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A day in the life of a SAS Doctor at UHNM

As part of SAS Doctor Awareness Week Dr Hannah McKee, Specialty Doctor Emergency Medicine explains the important part these speciality and specialist doctors place in the NHS workforce and here at UHNM.

“SAS Doctors (Specialty Doctors, Associate Specialists and Specialists) are an important part of the NHS workforce. All too often we’re described by the things we’re not; we’re not consultants and we’re not trainees.

This needs to change.

We are substantive members of staff who bring with us a wealth of experience, knowledge and dedication to our teams. Many of us hold additional roles within the organisation that enrich our career paths and contribute to the wider NHS.

I am a Specialty Doctor in Emergency Medicine and work at both of our EDs in Royal Stoke and County Hospitals. I have worked at UHNM since 2015 and previously worked in Norwich and Great Yarmouth since graduating from Dundee University in 2006. Here is what a week in my life can look like:


Today I am working in the ED 8am to 5pm as a Senior Decision Maker (SDM)for the patients in the Majors and Ambulance Assessment area. I work with the nurse in charge to coordinate the care of the many varied patients we see in the ED. Another part of the job is to support and advise other members of our team including the Post Graduate Doctors in Training (Junior Doctors), Advanced Care Practitioners, and Locally Employed Doctors (LEDs) as well as liaising with other specialty teams to ensure our patients move through the system via the appropriate specialties. At the end of my shift I handover the area to the next SDM and make my way home.


Tuesdays are usually my Foundation Training Programme Directors (FTPD) at UHNM. I am one of four FTPDs and lead for the F2 doctors. Every other week is the F2 teaching day and in the morning I hold a forum to check in with them and keep them up to date with any important information regarding their training programme.

My responsibilities in this role include planning the F2 teaching programme by arranging speakers and sessions covering a variety of aspects of the Foundation Curriculum, conducting annual reviews for all of the F2 doctors to sign off their training as well as providing educational and pastoral support to the F2 doctors. I really enjoy this role providing support for Foundation Doctors and get a lot of professional fulfilment from it.


Today I am in the office in the Emergency Department. My administrative roles in the ED cover educational supervision for F1 doctors, mental health lead and part of the department’s wellbeing team.

At 10am it is the ED Senior Tier meeting involving consultants, SAS doctors, senior nurses and management.

In the afternoon there is a meeting regarding the care of mental health patients in the ED – other agencies including the police, social care and local mental health trust are also at this meeting to ensure we’re doing the best we can.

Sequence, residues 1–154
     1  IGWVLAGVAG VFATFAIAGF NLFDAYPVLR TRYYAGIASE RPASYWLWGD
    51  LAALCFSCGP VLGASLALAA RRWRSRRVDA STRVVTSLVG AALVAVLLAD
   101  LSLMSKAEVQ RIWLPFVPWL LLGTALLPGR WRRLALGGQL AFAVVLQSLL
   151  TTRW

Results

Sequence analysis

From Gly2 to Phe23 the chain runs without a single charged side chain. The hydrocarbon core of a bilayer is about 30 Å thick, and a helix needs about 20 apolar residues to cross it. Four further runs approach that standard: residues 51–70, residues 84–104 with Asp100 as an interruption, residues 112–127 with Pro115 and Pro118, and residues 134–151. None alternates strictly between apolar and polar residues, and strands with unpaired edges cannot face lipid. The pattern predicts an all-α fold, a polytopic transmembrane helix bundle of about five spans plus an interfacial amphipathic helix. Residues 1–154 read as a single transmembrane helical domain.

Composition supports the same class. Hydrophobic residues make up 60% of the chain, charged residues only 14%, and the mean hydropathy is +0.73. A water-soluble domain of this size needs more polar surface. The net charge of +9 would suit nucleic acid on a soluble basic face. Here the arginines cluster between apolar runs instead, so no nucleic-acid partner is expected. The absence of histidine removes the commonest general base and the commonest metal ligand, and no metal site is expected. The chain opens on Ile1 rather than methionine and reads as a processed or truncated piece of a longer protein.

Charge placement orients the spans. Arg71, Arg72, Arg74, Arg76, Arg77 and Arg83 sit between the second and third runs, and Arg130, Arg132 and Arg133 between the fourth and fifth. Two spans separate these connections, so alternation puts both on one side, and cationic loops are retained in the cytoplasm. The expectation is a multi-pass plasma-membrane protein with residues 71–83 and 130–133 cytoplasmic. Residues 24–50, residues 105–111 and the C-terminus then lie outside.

I then have a supervisor meeting with one of the F1 doctors – I really enjoy my role in supporting these doctors during their first year out of medical school.


Today is my shift in resus 8am -5pm. The sickest and most complex patients are cared for in our resus area. We have eight beds and are often managing multiple patients with different problems simultaneously. The resus team is led by one of the consultants in the role as Trauma Team Leader (TTL), then there’s me as well as two other clinicians or Advanced Care Practitioners.

Resus shifts involve caring for major trauma patients, resuscitation of the critically unwell and safely sedating patients for procedures such as reductions of fractured and dislocated ankles.

These shifts are busy, tiring, but ultimately the best part of Emergency Medicine for me. I go home at 5pm, exhausted, but proud of what I have been able to achieve for my patients.


This morning I am dealing with any SAS Tutor business. There are over 150 SAS doctors at UHNM across every division. My role involves developing educational and developmental opportunities for SAS doctors as a whole, but also supporting individual colleagues with any specific needs they have. I also represent the SAS doctors at Executive Workforce meetings and produce reports regarding the talent we have within the SAS workforce.

This afternoon is my afternoon off – I am fortunate to be able to annualise my hours within ED and have some control over when I have shifts. This allows me to have a good life/work balance whilst still being able to develop and progress my own career.


I work 1 in 4 weekends in the ED, some are long days and some are night shifts. The SAS 2021 contract ensures that I can work no more than 13 weekends in a year which is important to look after my own personal wellbeing.

My career as a SAS doctor has allowed me the security of a substantive contract in one geographical location with the opportunities to explore different roles and responsibilities that align with my own interests and skill set. Education plays a strong part in my career and it is something I get a great deal of professional and personal satisfaction from.

Being “Stokie” born and bred, I am proud to work at UHNM and serve my local community.